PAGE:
As the U.S. hotel industry continues its RevPAR growth cycle, some signs of a growth slowdown are apparent. The increase in new rooms in the United States is rapidly matching with the growth in U.S. rooms demand, leading to occupancy declines. But not all supply growth and performance is created equal. There is a distinct difference between some of the largest U.S. markets—which we dubbed Top 25 markets—and the other 164 markets that STR tracks.
Through October 2016, the supply growth for the larger markets was 2 percent, well above the national average of 1.5 percent and above the all other market average of 1.3 percent. The reasons are varied, but for one, the larger markets have recorded much higher occupancies: 75 percent versus the sub-65 percent performance of the other markets (63.7 percent to be exact). No wonder that developers go where demand and utilization are higher.
Despite selling three out of four rooms every night, hoteliers in the large markets have not been able to increase their ADRs as strongly as elsewhere. The year-to-date ADR change of 2.6 percent is not insubstantial, but is not as strong as the 3.3 percent for the other markets. It is a bit odd that despite running very full hotels, hoteliers don’t seem to be comfortable increasing rates. Maybe the high level of ADR ($151.94) is hard to push? The ADR increases so far this year are well above the level of inflation, so the profit for properties should increase.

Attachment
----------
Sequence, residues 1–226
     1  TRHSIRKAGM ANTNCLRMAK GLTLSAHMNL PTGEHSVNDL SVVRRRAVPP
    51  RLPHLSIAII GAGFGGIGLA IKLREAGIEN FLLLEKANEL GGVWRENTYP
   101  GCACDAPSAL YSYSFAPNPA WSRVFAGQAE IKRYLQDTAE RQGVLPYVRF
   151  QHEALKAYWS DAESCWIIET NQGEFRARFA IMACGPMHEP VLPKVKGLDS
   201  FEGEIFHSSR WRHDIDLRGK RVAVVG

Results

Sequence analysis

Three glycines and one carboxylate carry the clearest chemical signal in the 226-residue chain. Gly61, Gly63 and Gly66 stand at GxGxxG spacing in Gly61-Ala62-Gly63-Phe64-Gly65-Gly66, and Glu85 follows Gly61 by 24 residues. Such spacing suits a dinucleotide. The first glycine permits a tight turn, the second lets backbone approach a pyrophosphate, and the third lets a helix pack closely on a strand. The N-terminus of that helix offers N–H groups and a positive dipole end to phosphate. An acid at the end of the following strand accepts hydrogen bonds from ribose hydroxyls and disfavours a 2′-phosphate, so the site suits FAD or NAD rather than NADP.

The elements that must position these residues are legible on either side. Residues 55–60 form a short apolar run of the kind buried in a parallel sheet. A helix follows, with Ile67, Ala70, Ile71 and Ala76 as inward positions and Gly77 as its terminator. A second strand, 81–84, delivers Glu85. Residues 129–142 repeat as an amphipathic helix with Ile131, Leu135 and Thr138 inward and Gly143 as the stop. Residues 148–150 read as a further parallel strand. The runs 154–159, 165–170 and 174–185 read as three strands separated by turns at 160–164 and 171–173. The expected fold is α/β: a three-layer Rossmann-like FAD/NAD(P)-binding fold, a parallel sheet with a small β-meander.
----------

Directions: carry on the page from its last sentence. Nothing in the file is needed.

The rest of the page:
Demand increases so far this year have been muted across the board. STR recorded only a 1.4 percent increase in demand for all other markets and slightly better 1.7 percent demand growth for the top 25 markets. This seems to point at the fact the larger markets are able to attract more leisure and business travelers but especially have larger facilities for more meetings.
That said, the segmentation data is concerning and probably points at a further softening in the corporate sector. Through October, the transient occupancy in the larger markets only increased 0.2 percent. It bears repeating that supply growth was much stronger now than a year ago so the demand growth needed to push occupancy to 0.2 percent was approximately 1.9 percent. Still good growth but not great compared to other years. Group occupancy declined by 1.6 percent, pointing at a lack of corporate demand. The ADR side of the RevPAR equation was better, but not by much. Transient ADR increased 0.2 percent and group ADR increased 3.4 percent. Traditionally, transient ADR has a signaling effect on group ADR, and if hoteliers do only realize very small ADR increases, it is not a stretch to assume that the group rate negotiations for 2018 and 2019 will be tough (from the hoteliers’ perspective).
Looking ahead, we still expect the top 25 markets to set the tone for the U.S. performance. Whether it be supply growth or ADR growth, the larger markets have a bellwether function for the larger U.S. hotel industry. And while the growth of the performance metrics is slowing (outside of supply growth, of course) operators in the larger markets should benefit disproportionately from any economic upside that the year may bring.
About the Author
Jan Freitag is senior vice president of STR.